It is a feature of the illustrated examples that the radiating surfaces of the transducers lie close to or bound the volume through which the standing wave extends. With this arrangement, the standing waves are established in the near fields of the transducers and relatively large acoustic pressure gradients occur within the standing wave. These gradients are non-uniform: they will exist in the flow direction of the passage as well as axially of the standing wave. Operating in near field conditions it may be possible to ignore the effects of streaming and employ planar transducers without any disadvantage. However, to the extent streaming in the axial direction of the standing wave may be unwanted, it can be supressed in substance as already described. Streaming in the flow direction of the liquid may even have beneficial results in encouraging agitation of the bacteria in the liquid medium.
It will be understood that it is possible to employ the process of the present invention with other modes of movement. In particular the matter retained at the nodes of a standing wave can be caused to progress at a controlled rate through a reaction chamber by producing a standing wave in which the nodes drift along the axis of propagation. In conjunction with this the fluid medium may have a flow velocity parallel and/or transverse to the axis of the standing wave. Some examples of chamber configurations that may be employed in a process according to the present invention can be seen in U.S. Pat. No. 4,743,361 and therefore do not need further illustration here.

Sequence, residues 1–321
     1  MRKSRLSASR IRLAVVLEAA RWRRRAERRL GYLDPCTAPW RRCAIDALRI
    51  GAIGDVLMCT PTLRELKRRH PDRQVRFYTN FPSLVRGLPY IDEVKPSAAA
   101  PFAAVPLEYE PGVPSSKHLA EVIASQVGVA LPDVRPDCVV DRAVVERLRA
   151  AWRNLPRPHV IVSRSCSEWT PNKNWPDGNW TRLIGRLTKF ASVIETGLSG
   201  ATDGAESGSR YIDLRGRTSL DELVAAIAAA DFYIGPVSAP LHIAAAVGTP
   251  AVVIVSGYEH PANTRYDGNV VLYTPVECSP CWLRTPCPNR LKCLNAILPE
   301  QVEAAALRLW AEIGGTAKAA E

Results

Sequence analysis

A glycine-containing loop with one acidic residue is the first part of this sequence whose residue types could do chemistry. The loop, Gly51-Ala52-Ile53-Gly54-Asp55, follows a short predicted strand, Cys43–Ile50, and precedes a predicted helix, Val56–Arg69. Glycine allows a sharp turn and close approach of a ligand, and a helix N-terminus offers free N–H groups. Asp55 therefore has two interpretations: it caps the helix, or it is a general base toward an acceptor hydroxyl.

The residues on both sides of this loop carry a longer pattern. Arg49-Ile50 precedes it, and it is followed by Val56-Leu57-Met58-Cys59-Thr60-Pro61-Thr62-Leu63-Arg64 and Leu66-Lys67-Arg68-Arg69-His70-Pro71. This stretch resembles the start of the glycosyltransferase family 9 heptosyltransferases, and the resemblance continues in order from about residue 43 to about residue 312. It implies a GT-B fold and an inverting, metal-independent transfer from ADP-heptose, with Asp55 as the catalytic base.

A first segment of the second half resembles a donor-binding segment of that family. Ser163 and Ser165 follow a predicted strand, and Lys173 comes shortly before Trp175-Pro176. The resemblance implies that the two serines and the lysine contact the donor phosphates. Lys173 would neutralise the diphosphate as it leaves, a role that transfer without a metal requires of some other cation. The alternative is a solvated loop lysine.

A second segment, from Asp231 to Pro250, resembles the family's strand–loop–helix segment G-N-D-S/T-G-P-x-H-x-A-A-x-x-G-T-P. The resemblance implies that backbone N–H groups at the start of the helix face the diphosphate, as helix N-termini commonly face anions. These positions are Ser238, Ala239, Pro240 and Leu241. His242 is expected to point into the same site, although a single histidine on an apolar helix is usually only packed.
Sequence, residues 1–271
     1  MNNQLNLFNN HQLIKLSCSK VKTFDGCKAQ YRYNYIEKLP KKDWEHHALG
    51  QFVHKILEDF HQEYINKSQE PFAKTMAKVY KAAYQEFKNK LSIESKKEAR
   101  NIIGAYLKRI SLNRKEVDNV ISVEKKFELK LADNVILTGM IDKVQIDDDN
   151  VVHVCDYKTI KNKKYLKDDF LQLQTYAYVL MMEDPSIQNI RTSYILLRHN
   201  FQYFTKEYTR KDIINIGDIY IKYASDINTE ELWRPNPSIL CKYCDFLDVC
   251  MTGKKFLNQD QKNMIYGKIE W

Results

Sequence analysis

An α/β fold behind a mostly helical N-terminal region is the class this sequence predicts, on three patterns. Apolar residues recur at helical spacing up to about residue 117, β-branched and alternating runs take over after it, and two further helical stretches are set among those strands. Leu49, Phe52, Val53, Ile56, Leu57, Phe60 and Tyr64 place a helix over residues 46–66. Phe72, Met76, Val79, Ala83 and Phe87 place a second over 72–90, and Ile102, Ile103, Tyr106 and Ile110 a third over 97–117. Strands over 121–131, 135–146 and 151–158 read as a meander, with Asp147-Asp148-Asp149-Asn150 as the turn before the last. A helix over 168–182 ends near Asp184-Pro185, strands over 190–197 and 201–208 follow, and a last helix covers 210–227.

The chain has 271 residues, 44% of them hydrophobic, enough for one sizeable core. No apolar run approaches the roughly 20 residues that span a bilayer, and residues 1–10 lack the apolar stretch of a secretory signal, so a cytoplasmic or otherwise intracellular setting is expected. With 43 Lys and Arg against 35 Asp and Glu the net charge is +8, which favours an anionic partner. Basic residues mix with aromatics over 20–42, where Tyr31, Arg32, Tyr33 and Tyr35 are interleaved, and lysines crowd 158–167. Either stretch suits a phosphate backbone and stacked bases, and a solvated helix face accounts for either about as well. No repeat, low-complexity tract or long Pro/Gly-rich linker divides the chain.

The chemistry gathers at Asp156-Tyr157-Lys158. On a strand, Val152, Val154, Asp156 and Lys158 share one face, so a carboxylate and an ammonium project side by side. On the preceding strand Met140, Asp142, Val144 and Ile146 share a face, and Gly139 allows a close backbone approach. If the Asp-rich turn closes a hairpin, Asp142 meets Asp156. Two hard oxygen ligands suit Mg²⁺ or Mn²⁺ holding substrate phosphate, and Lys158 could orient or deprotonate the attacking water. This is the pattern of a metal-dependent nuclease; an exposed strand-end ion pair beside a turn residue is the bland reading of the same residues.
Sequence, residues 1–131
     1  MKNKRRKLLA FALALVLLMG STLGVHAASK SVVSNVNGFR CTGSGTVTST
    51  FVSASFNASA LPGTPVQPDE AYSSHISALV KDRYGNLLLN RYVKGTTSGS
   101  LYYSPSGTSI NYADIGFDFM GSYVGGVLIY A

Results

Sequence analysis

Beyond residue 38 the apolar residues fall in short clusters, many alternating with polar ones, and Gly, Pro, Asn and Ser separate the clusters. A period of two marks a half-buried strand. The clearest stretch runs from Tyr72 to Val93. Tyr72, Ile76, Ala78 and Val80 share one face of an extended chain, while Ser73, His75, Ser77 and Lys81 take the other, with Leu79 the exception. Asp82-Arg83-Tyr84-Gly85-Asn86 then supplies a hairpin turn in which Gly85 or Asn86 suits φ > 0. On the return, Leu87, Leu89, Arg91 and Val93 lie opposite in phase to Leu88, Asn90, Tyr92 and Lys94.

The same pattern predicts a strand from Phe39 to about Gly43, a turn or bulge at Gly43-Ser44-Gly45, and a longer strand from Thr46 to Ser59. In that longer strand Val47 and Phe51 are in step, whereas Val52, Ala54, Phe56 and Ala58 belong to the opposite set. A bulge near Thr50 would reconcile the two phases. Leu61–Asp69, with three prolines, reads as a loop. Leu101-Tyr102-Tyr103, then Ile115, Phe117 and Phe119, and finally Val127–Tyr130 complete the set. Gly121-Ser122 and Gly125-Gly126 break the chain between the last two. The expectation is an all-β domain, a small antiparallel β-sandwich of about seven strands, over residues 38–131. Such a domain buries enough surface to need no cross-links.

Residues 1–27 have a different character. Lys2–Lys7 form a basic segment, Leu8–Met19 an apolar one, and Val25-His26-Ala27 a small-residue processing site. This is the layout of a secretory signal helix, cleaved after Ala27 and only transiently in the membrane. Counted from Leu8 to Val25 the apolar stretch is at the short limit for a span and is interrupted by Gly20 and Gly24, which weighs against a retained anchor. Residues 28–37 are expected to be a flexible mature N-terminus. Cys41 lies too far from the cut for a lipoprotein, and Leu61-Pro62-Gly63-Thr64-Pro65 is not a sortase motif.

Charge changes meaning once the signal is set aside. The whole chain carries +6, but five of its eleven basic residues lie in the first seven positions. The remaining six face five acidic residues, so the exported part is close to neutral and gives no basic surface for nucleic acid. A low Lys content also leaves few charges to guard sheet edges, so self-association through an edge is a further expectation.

The process of the present invention does not necessarily require active particulate material, such cells or insoluble enzyme complex particles, to be supported by the acoustic properties of these particles themselves. Instead, the standing wave can be utilised to support larger carrier particles to which cells, enzymes or other active elements can be attached by means known in the art. The standing wave system and the characteristics of the carrier particle may be chosen to match each other largely independently of the characteristics of the active particles, so as to generate a maximum response to the acoustic forces of the standing wave. As an example, cells such as hybridoma cells, which are obtained from the fusion of a mouse plasma cell and a mouse tumour cell and producing some specific immuno-reagent, can be attached to such carrier particles and thus be held substantially immobilised in a gentle current of liquid flowing parallel or transversely to the axis of the standing wave.